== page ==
I realize a party doesn't sound like that big of a deal, but this isn't a dinner with your boss at IBM, this is one of the most coveted invites you'll ever experience — and your co-workers hate you if you get it and they didn't.
It's a snakepit, though, and the smart paid friends don't ever take their inner circle status for granted. If you have an annoying spouse or boyfriend, just that alone can get you kicked out of the group. There are no real loyalties here, just paid ones.
3. Everyone knows when you are playing the suckup game, but you still have to play it to the best of your ability.
To be a paid friend, you are constantly toggling back and forth between being an employee and being a friend. One thing is for certain though, you have to keep paying the requisite compliments day after day — just as you might turn in a timecard.
If there's one thing that all powerful people have in common, it's this: Insecurity. They suck in praise and compliments like a sponge.
4. Indulgence is important but you can't be a total yes-woman.
Complimenting is important ("Great job today") but blowing smoke will actually work against you. When your boss asks for tough decisions, don't just be a yes-woman, but also don't go too far. If something you are about to say would sting you, then you sure as hell shouldn't say it to your boss.
5. Being a paid friend is often like being a member of the mafia.
When you are in, you are in, but if you dare leave — you are dead to your old boss. I've seen it happen to friends of mine who actually expected to be congratulated when they found a new position and gave notice, but it never happens. Paid friends are just that. Our boss does not actually want us to thrive on our own. Our boss wants us to thrive — for sure — but it's for them, and only them. Once the door closes, it is shut.
6. Be prepared that your boss doesn't just expect you to join her on her weekend adventures, she also probably expects you to "produce the night" — and you better do it right.
I've had to call restaurants and nightclubs, drop my boss's name and ask that everything be prepared for us ahead of time (and to accommodate all my boss's little quirks). If the nightclub sucks or isn't ready for us, guess who gets the blame? If there aren't enough VIPs in attendance, that's on me, too. Your celebrity is your golden ticket to the event, so if you can't use it wisely in producing the night, you will never be forgiven.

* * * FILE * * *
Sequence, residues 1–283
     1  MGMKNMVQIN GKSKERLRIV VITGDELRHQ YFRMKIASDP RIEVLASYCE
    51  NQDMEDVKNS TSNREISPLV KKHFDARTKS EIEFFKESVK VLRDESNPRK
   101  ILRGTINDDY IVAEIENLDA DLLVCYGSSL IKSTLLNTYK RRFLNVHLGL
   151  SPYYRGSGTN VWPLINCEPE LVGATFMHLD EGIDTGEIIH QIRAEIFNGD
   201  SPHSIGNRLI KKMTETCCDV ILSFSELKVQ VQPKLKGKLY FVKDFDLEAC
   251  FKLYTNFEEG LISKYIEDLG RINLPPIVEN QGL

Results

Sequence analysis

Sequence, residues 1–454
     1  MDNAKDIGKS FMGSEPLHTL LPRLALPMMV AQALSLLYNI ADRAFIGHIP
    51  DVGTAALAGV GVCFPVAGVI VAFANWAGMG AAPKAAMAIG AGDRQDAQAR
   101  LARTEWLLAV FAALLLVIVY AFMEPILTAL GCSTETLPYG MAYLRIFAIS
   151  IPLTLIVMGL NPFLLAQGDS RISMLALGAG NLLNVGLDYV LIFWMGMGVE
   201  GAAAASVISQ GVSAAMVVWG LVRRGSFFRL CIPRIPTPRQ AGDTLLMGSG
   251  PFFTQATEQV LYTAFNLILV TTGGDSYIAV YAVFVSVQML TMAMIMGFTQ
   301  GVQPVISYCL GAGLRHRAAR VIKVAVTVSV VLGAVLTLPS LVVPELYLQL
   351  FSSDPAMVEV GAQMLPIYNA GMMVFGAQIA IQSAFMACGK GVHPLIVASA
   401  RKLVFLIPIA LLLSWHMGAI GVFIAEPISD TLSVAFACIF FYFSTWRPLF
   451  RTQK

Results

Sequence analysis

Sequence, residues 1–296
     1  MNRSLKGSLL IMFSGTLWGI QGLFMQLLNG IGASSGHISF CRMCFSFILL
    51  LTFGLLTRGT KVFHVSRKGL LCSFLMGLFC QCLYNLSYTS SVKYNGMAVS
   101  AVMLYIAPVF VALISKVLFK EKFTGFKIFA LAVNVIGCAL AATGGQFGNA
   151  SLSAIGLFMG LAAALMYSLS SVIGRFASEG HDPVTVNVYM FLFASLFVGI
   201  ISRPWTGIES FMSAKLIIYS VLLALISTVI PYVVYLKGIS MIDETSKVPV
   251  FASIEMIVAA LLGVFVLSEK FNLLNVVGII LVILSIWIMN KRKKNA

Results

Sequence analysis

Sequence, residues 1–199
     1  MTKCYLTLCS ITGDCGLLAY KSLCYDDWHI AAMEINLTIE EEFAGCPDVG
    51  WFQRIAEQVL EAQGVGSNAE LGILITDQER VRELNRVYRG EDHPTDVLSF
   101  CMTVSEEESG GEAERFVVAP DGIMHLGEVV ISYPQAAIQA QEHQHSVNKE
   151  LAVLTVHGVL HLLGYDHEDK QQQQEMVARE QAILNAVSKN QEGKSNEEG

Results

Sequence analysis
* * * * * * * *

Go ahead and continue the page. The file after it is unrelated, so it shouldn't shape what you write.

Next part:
7. What you see as a paid friend, you have to pretend you don't really see.
Infidelities, lies, drugs, salubrious stories told out of school, there are three magic words to remember: "This never happened."
The hardest part is never lording any knowledge you have over your boss. You might get yelled at for your daytime duties when just that weekend you were drunk with your boss and she was spilling her guts. But you can't. The boss relationship and the friend relationship gets so blended, it's enough to make you forget what the word friendship even means. On the bright side, at least you get thanked profusely for all your hard work and loyalty and dedication.
Just kidding. That never happens.
8. Don't ever get comfortable.
Just when you think you have your boss figured out, that's when you're really screwed. I once thought I had the whole system of "Ask for a favor when she's in a good mood" and "Stay away when she's in a bad mood" under control, but that's when I got screamed at the most. Don't ever expect consistency.
9. Panic attacks are the norm, and they probably won't go away.
Whenever I see my boss's number on the screen, my heart skips a beat. I have a special ring tone for her because I can never let it go to voicemail. And that includes holidays. One of my last major holidays was totally ruined just so I could schlep around a video crew to capture my boss having fun — all at the expense of my own.
10. Nothing will make you realize how little you matter as when you lose the association with your important boss.
I have friends who have been in the same paid friend position that I'm in, and as soon as they left, they realized: The golden ticket is gone.
On the bright side, so is the golden ticket's annoying little dog.
This article originally appeared on XOJane.com. Republished with permission.
Image by Jim Cooke.